Our list of welding schools in Ohio offers a variety of options in welding education. Be sure to do your due diligence in researching any welding school that you intened on pursuing. Our site, Class One Welding has no affiliation with any of the schools, colleges or apprenticeships listed anywhere on this page.
If you would like a welding school or educational center added to our Ohio list please contact us or leave a comment at the bottom of the page.
The combination welding program is 38 weeks/1,330 hours long and offer in depth welding training with SMAW, GMAW, GTAW and FCAW on pipe and plate. You will also have some classroom based learning about blueprint reading and welding theory.
This welding school has a number of different welding courses that range from pipe welding to plate. Their complete welding technology program offers hands on welding training with SMAW/Stick, GMAW/MIG, GTAW/TIG and FCAW/Flux Cored Arc Welding. You will also learn how to use a metal cutting torch (Oxy/Fuel), plasma cutter and pipe beveler. In classroom learning will consist of blueprint reading, safety and welding theory.
Lincoln Welding School is one of the notable welding schools within the united states. They offer more welding courses than I could ever list but the most in depth and career oriented is the Comprehensive Welding Program. It covers all of the major welding processes (MIG, TIG,FCAW & Stick) on plate as well as pipe. What I really love about this school is that you can take welding certification tests (ASME, API & AWS) on site.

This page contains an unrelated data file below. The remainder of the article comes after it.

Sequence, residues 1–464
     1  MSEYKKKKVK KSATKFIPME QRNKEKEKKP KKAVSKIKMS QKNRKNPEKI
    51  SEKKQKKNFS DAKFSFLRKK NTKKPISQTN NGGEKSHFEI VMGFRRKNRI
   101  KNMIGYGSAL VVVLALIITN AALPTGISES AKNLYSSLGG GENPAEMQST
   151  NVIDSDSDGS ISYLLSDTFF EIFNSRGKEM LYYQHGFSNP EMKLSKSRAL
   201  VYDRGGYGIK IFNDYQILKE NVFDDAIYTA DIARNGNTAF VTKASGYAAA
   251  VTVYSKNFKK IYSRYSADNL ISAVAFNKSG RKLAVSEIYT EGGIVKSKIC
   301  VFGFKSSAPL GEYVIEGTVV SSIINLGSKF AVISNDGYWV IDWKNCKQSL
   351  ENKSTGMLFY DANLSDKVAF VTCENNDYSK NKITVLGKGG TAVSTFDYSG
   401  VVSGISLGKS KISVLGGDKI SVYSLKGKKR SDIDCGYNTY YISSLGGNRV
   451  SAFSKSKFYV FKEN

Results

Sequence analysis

Other options for welding training in Ohio: Welding Apprenticeships
A welding apprenticeship with either the ironworkers or boilermakers Union can be a great way to earn a living you learn a new trade. You can make anywhere between $19-$28 an hour depending on what year apprenticeship.
Apprenticeships can last anywhere between four and five years. Well welding will be a major part of your training will not be all of. You will learn about different things like rigging, pipefitting, blueprint reading, crane signaling and other industry related skills.
After you complete your apprenticeship you will be what is called a journeyman. A journeyman can earn a wage as high as about $35 per hour depending on what geographical location you work in. It should also be noted that health insurance and other benefits are often given to you at no cost.